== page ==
How to add new string interpolations to an existing type?

SE–0228: Fix ExpressibleByStringInterpolation made it possible to have string interpolations with labels and multiple parameters. The proposal’s examples include an HTML type which accepts interpolations like:

let x: HTML = "\(url: origin, withAllowedCharacters: .urlQueryAllowed)"

However, sometimes I want to add interpolations like that to an existing type. For example, String has an initializer that takes an integer and radix:

let s = String(n, radix: 16)

I would like to be able to write \(n, radix: 16) as an interpolation within a larger string. In particular, I do not want to write \(String(n, radix: 16)).

I tried adding appendInterpolation(_:radix:) as a mutating function in an extension of String, but I get a compile-time error when I try to use it.

Is there a way that I can make this work?

String uses DefaultStringInterpolation. You need to add appendInterpolation there:

extension DefaultStringInterpolation {
    mutating func appendInterpolation(_ n: Int, radix: Int) {
        appendLiteral(String(n, radix: radix))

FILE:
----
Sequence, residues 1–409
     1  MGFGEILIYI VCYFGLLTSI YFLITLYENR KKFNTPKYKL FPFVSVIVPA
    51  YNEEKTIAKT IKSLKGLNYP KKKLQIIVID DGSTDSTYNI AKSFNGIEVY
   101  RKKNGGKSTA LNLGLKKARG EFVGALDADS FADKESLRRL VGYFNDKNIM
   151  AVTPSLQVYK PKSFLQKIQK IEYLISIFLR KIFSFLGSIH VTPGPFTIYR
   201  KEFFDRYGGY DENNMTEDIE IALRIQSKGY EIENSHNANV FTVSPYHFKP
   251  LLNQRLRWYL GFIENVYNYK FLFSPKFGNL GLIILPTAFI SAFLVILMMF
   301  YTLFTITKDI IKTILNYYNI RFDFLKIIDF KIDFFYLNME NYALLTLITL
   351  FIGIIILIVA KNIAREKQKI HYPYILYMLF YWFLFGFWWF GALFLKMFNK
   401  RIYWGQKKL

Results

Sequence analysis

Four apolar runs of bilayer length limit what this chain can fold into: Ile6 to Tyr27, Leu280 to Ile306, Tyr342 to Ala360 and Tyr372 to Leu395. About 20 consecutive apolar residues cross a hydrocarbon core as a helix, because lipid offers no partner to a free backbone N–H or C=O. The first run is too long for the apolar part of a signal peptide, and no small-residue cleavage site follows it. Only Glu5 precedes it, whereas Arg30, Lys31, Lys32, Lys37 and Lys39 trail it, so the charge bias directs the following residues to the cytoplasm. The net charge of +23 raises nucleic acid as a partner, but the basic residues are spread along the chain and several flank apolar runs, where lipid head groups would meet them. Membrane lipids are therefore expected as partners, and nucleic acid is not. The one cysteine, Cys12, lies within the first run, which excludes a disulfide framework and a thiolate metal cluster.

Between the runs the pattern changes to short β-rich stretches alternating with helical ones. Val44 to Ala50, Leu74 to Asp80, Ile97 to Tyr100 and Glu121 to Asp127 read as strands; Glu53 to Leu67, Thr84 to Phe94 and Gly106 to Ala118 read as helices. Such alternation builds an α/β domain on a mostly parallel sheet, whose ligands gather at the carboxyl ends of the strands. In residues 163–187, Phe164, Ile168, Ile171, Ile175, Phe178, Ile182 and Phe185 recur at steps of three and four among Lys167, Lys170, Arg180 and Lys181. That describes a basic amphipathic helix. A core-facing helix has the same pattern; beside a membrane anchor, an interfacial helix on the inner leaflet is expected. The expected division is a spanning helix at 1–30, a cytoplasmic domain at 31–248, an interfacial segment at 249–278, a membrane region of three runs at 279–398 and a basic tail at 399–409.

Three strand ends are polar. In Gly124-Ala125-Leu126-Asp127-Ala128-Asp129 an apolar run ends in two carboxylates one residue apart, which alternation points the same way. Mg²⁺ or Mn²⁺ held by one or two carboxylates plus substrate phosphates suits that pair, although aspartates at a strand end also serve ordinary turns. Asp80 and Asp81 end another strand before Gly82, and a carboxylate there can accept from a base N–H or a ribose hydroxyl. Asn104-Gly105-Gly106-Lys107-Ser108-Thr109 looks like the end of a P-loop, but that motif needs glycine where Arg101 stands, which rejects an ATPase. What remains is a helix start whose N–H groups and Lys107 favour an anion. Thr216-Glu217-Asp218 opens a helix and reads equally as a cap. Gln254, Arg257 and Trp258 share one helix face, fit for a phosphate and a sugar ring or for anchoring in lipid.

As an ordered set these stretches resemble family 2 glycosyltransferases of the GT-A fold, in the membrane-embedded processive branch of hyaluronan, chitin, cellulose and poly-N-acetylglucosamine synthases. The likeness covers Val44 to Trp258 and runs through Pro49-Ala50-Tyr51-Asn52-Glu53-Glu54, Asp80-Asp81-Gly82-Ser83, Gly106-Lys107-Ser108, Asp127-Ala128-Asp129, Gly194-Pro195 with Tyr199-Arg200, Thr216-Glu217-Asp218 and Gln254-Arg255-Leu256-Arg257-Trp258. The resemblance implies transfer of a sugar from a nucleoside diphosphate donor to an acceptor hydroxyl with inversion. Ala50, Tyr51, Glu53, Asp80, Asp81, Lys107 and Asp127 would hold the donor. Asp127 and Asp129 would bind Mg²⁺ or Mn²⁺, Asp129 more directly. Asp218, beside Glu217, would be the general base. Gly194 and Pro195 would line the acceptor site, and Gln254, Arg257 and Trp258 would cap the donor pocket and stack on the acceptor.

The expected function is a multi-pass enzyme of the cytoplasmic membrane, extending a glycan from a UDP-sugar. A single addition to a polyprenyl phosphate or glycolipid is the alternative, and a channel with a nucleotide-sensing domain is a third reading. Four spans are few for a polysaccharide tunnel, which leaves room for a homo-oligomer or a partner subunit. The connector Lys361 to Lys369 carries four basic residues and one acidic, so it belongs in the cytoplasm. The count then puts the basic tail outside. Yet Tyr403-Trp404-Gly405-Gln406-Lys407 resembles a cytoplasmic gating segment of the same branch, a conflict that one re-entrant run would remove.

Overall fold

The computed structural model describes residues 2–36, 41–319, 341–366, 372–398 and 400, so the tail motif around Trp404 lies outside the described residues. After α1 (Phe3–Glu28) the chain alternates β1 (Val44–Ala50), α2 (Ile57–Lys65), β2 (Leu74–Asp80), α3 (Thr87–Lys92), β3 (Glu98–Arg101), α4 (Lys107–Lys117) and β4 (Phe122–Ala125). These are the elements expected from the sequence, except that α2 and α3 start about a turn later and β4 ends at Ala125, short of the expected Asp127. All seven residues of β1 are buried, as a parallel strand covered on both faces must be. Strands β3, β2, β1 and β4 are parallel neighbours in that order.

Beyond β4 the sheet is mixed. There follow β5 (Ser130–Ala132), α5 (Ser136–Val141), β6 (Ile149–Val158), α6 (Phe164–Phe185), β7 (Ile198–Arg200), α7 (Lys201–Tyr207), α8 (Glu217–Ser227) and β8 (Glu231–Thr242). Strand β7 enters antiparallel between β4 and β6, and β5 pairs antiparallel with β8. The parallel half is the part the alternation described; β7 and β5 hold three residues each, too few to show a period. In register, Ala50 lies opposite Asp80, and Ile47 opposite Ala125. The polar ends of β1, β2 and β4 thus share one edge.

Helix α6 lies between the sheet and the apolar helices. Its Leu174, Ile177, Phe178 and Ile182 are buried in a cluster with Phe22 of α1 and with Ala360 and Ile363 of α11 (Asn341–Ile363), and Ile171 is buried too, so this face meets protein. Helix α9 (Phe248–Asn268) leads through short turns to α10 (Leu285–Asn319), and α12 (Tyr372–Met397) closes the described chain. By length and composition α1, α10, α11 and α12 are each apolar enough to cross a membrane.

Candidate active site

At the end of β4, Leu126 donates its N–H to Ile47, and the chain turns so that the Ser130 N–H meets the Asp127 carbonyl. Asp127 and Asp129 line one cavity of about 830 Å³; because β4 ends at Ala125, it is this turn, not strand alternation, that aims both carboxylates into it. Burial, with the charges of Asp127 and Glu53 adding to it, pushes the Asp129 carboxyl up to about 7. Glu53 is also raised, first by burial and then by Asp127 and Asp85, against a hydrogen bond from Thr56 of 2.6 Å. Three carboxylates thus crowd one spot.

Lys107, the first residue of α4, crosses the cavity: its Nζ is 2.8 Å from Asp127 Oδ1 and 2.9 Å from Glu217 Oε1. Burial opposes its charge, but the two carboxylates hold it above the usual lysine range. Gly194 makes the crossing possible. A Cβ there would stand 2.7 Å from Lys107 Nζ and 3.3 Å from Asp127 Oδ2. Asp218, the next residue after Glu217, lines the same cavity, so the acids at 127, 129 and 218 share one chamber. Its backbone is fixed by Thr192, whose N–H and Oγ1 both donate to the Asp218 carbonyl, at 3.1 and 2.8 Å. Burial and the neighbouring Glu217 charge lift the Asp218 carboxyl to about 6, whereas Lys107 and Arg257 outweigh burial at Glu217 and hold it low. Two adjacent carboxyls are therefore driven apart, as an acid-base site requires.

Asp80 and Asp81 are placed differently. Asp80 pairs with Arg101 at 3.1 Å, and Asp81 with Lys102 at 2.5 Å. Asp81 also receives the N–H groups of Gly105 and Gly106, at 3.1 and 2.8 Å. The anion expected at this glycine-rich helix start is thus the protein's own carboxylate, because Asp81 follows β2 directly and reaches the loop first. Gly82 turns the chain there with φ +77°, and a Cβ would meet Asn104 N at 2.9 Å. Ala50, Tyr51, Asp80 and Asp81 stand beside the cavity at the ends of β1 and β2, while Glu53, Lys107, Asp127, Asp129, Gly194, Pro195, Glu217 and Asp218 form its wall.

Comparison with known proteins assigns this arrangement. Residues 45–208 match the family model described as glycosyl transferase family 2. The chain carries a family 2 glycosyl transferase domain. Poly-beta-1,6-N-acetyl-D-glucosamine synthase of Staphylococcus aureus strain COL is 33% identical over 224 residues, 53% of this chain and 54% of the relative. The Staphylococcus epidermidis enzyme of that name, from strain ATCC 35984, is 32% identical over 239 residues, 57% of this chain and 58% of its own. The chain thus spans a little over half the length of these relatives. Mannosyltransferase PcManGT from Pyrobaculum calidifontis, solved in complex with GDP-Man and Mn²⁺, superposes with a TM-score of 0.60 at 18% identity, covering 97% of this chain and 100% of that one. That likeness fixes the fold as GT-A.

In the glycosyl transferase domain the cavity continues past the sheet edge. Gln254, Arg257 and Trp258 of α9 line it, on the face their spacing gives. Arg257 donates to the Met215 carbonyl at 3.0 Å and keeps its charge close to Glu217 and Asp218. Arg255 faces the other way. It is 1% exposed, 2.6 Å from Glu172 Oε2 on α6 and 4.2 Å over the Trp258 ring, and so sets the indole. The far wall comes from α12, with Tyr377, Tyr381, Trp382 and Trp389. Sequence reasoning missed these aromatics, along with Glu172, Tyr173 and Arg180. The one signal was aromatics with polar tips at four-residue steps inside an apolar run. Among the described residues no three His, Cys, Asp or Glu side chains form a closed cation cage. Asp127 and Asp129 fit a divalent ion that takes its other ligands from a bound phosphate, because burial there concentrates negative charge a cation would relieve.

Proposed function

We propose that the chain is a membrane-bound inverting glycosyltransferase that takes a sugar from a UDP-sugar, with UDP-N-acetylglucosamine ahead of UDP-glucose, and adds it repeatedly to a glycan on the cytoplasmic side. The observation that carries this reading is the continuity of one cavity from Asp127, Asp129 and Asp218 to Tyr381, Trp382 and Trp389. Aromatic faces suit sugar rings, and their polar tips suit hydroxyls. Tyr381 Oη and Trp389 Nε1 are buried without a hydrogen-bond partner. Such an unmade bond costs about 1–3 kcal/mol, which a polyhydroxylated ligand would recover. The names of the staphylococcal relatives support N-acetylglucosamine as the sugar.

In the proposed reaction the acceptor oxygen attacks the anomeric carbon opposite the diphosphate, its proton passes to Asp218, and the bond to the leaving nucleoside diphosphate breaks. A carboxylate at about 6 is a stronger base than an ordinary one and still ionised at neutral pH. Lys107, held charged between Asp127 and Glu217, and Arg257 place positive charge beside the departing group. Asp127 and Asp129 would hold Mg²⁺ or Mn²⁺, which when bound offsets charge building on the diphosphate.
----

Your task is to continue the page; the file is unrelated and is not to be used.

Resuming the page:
The caveat is that all types using this interpolation scheme will be affected (which is more-or-less expected).


You can also add it to any interpolation scheme with String as a literal type, but I doubt it’d be any more useful:

extension StringInterpolationProtocol where StringLiteralType == String {


That option is probably ill‐advised. One of the main reasons to create and use a conformer besides DefaultStringInterpolation is in order to restrict the available interpolations at compile time as a correctness aid in a particular situation. By extending every such type wholesale, you may be shooting yourself in the foot. Instead I would create a new protocol that refines it, and conform whatever interpolation engines you care about to that protocol:

protocol RadixInterpolation: StringInterpolationProtocol where StringLiteralType == String {}
extension RadixInterpolation {
  mutating func appendInterpolation(_ n: Int, radix: Int) {
    // ...

extension DefaultStringInterpolation: RadixInterpolation {}
extension HelpfulInterpolation: RadixInterpolation {}
extension CustomInterpolation: RadixInterpolation {}
extension MyInterpolation: RadixInterpolation {}
// But no extension to `StrictInterpolation` or `SafeInterpolation`,
// because that would be counterproductive.

Edit: On the other hand, I guess if the extension isn’t public anyway, and you don’t expect to use a safety interpolator anywhere in your own code, then the extra effort probably isn’t worth it.